Homeschool & Socialization: How to Keep Your Child Connected

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Whether you are just starting your journey of homeschooling, or you have been at it for some time, probably the number one question you get asked (or you ask yourself) is about socialization: How will your kids be properly socialized if they are learning at home rather than in a school environment?

It's an understandable concern. After all, most of us spend our childhoods in more traditional educational setups, attending brick and mortar schools, where we are surrounded by other kids daily, and where social interaction is an intrinsic part of our educational experience. How can this be replicated if we are teaching our children at home?

While socialization certainly looks different for kids who are homeschooled (or who learn at home through a distance learning modality), most parents will tell you that their kids who learn at home are doing just fine in the socialization department.

Why? Well, it’s partly because homeschooling usually doesn’t take place exclusively at home, and homeschoolers actually interact frequently with others. But it’s also because homeschool parents usually make an effort to bring socializing into the mix, with positive results.

Let’s look at how homeschoolers, or kids who are otherwise educated at home, ensure that socialization happens so that kids form meaningful relationships with their peers, are well-rounded—and most of all, are happy.

What to Know About Homeschooling and Socialization

No one can deny that socializing with other children is an important part of child development, especially as your child moves through the elementary school years, and into secondary grades.

Interactions with trusted adults—such as parents, other family members, and teachers—can be enriching too, but children are meant to play and explore with other children.

But it’s not just about having playmates. Socialization also teaches your child how to handle and resolve conflicts with others—and how to do basic things like sharing, cooperating, respecting another child’s personal space, and being generally respectful and empathetic.

School environments also teach children how to follow directions from others, be good listeners, and take turns when speaking—all of which don’t always come naturally to young children.

What Does The Research Say?

Research about homeschoolers and socialization is, unfortunately, not abundant at this time. However, the research that is available does point to mostly positive outcomes when it comes to socialization and homeschooled children.

For example, a system review of the available research on homeschooling, published in the Journal of School Choice, found that not only do homeschoolers fare very well academically, but also appear to be well adjusted, and well socialized.

As lead author Brian D. Ray explains, out of 15 available studies that look at socialization of home educated kids, 13 out of 15 showed “clearly positive outcomes for the homeschooled compared to those in conventional schools.”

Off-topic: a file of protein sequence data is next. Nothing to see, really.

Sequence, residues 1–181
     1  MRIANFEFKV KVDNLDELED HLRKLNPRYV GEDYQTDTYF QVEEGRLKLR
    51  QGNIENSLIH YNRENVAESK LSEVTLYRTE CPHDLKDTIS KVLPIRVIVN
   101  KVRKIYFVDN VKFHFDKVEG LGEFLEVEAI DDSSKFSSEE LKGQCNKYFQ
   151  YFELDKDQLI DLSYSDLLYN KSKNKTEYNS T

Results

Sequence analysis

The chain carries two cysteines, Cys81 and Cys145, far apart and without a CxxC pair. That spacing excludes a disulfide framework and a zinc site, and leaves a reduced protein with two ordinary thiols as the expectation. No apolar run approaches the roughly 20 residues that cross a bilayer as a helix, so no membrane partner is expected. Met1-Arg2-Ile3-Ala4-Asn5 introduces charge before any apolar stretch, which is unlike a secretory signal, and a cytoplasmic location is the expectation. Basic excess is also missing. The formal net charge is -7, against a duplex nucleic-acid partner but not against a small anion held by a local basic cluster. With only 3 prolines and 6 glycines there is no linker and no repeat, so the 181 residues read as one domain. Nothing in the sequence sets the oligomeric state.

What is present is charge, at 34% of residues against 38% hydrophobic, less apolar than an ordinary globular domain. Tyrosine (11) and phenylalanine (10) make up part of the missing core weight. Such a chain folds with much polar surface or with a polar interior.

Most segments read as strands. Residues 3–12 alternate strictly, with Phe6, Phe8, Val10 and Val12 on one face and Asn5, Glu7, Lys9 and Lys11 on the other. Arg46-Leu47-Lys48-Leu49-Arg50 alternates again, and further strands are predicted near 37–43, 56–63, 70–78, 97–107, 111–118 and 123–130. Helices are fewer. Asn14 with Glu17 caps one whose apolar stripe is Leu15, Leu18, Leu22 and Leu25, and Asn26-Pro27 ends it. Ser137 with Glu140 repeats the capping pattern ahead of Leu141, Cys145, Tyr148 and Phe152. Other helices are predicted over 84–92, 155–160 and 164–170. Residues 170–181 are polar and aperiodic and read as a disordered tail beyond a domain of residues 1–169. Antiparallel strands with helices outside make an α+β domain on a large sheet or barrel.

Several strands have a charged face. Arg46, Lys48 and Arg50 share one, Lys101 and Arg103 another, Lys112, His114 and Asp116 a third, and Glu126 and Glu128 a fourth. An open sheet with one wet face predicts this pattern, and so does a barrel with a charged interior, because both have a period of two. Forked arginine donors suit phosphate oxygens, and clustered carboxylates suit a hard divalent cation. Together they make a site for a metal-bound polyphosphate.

In fact, two studies showed an even more positive outcome for homeschooled children as opposed to conventionally educated children.

Ray points to research showing that homeschooled kids are less likely to engage in risky behavior such as alcohol consumption. An older study cited by Ray (from 1992) found that homeschooled kids had fewer behavioral problems than their conventionally schooled counterparts.

Richard G. Medlin, PhD, a Professor of Psychology at Stetson University, published a review of homeschool research in the Peabody Journal of Education. He came to similarly positive conclusions as Ray. Here’s what Medlin found:

  • Homeschooled children have stronger relationships with their parents and other adults in their lives
  • Homeschooled children are generally content, hopeful, and report high levels of satisfaction with their lives
  • Homeschooled kids are ethical and are more likely to take social responsibility than conventionally taught kids
  • Homeschooled kids are well behaved and experience less “emotional turmoil”
  • Homeschooled kids who attend college are as social as their peers who were taught more traditionally
  • Homeschooled kids are open minded and like to try new things
  • Adults who were homeschool as kids are “civically engaged” and well adjusted

What Do Homeschool Parents Report?

According to Medlin’s research, parents of kids who learn at home report positive outcomes about their children’s socialization skills.

Richard G. Medlin, PhD

The research indicates that homeschooling parents expect their children to respect and get along with people of diverse backgrounds, provide their children with a variety of social opportunities outside the family, and believe their children's social skills are at least as good as those of other children.

— Richard G. Medlin, PhD

If you talk to any veteran homeschooling parent, they will likely agree, explaining that their children generally have uniquely diverse experiences as homeschoolers, interacting with kids of all ages, having many experiences with other adults in public situations, and generally learning how to be a respectful, thoughtful, and empathetic member of society because they are schooled at home, and not despite it.

How to Keep Your Homeschooler Socially Engaged

Most homeschoolers will tell you that the thing to keep in mind about homeschooling is that only a small portion of it happens at home.